And there we have it!  Plenty more where that came from.  I am most definitely shirking my calling as a personal trainer, aren't I? Such motivation.  Much positive. Wow.

Happy running, peoples! =)

Saturday, 22 November 2014

It'll Be Alright On The Night(time run)

Firstly, I'd like to blame my absence entirely on Netflix.  Thanks to American Horror Story, I am now completely desensitized to gore.  I don't think I'd bat an eyelid if one of my limbs just decided to drop off and spurt blood all over the walls, Phoebe off of Friends stylee. Example:

Also, I have finally decided who I want to be when I grow up.  Jessica Lange.  I don't even care if her identity's already been taken - she is a bad ass.  

While we're on the topic of bad-assery, this week, I joined a group of runners from my local running club in a nighttime run through some woods for the first time.  Loved it!  This bunch of speedsters regularly seek out hills on Wednesday nights by strapping on some flourescent gear and trekking up towards the mountains. Nutters. 

On our run, I saw some cool, out-of -the-way houses and ruins, ran alongside what seemed to be Wales' loudest river, and chugged up some inclines like the stumpy-legged steam train that I secretly knew I was.  Choo choo! 

There was something really enjoyable about not being able to see much further than an arm's length in front of me.  Usually, as I start to get tired, I can get in the habit of staring balefully the horizon and inwardly lamenting how far I have left to go. When you can see naff all ahead, this isn't an option.  Not a bad thing!  The time flew by.

If you get the opportunity to sling on your trainers and go on a nighttime adventure (with company! There's no fun in accidentally falling over if you don't have witnesses to laugh at/with you... and maybe help you up), then take it!  It's an experience.  Plus, you'll have an excuse to buy a head torch, which means you can Snapchat lots of pictures of your face lit up at weird angles to freak your sister out....

N'much more to report than that this week.  It's hard to get much shit done when you're on a Netflix spiral.  I'm definitely not in Kansas anymore.

Later, gaters!

....Don't ever let me say that again.

Monday, 3 November 2014

Marathon Running For Mortals

As with anything I have the remotest interest in, as soon as I decided to sign up for a marathon, I've immediately started to ingest any and all information I can find on it like something hungry... that eats books.  Something more original sounding than "bookworm"... Knowledge Beaver? I don't know. It's nearly my bedtime, leave me alone.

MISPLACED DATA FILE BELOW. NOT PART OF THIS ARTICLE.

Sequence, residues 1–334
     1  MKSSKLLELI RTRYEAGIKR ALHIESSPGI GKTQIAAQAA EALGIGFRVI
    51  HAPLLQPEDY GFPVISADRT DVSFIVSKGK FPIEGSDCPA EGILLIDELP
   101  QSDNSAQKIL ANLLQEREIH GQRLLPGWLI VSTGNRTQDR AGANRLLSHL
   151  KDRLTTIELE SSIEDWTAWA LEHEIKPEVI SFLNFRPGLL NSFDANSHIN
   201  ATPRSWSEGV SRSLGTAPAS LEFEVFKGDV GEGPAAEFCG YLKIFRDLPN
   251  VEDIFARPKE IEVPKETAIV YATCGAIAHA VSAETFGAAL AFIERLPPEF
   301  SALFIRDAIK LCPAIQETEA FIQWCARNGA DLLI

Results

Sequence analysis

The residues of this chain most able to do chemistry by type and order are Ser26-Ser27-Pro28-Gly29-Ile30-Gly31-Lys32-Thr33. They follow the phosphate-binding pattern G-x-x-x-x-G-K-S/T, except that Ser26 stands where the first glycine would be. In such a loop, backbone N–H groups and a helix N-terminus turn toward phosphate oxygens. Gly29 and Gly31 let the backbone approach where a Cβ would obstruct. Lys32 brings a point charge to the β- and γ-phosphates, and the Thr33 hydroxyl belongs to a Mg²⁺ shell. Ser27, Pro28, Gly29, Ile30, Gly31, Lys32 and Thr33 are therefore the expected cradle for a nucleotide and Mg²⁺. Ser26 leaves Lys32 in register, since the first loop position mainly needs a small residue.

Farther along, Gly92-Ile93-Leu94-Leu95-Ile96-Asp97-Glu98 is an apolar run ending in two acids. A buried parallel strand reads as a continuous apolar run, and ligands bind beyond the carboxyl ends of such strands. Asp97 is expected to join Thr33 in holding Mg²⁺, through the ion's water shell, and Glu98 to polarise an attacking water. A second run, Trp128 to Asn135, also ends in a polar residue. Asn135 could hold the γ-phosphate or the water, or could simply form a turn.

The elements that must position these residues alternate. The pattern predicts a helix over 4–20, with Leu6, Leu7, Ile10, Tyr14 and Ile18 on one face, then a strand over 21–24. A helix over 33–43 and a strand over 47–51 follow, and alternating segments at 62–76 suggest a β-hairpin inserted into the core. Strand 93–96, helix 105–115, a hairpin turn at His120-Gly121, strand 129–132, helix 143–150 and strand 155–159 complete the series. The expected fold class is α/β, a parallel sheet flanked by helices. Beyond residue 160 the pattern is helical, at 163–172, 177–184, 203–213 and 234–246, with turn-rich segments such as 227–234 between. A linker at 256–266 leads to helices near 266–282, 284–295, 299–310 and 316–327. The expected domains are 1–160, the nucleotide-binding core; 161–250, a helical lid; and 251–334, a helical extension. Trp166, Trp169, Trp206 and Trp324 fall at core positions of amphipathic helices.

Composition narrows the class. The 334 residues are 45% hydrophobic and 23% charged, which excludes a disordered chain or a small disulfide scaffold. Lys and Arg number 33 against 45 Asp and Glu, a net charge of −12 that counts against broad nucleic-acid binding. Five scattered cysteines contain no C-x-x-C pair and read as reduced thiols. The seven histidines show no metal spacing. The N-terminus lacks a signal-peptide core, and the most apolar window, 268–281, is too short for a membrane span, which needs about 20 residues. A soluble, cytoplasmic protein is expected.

Point is, for me, it's not a hobby if I haven't completely nerded out on it first. 

First book I've got my greedy mitts on on the subject is John "the penguin" Bingham (if you're a slower runner like me, look him up. Guy's an inspiration!) and coach Jenny Hadfield's Marathon Running For Mortals.  I've already read Bingham's No Need For Speed and enjoyed that, so made sense to seek out his waddly wisdoms first.

Devoured the thing in a couple of days.  It's rather good!  Full of memorable quotes and tips to do squiggly lines under in biro (not pencil.  Biro makes them super important).  Here are a couple of quotes that got the squiggle treatment from me:

"If you climb too slowly, you find yourself getting bored with the pace and the activity.  If you climb too quickly, you find yourself so winded that you can't enjoy the beauty of the experience... You should find the place between boredom and exhaustion."

"Long distance success is more about tenacity than talent."

"You may not be in the top tier of that race, but as a long-distance athlete, you are fitter,better trained and more disciplined than 99 per cent of the population who have ever lived. Remind yourself of that when you start to obsess about your pace or finish time."

And most importantly

"It's all about the medal."

Too right, Mr Bingham.  Too right!

Sunday, 2 November 2014

It Aint So Bad...

Happy day-after-Halloween!  I hope you're also suffering a food hangover from the excess Haribo you bought for the Trick-or-Treaters that never came.  I think 80 mini bags might have been a smidge ambitious.  Oh, well.

I read a bloody good book last week.  I'm partial to autobiographical essay books (Lena Dunham's Not That Kind of Girl, Tina Fey's Bossypants, anything by Augusten Burroughs and so on and on and on...), and while I was scanning my bookshelf for something to re-read until payday came around and I could buy something new/re-enter into society, I found that we've had one that I'd not read, sitting there for nearly three years screaming:

OI, DIPSHIT!! You bought me because you knew I'd be good, so just bloody read me already!!

...Or probably something a bit less crass, because it was by Derren Brown.  Confessions of a Conjuror is brilliant.  It's just one great, big, weird train-of-thought narrative where he meanders from card tricks, to odd habits and even at one point to instructions on how to poach an egg.  

My favourite bits were lists he'd made of his odd compulsions, many of which I found I have in common e.g When driving, he has an urge to just close his eyes and see what happens.  I've never acted it out, but on several occasions, I've thought;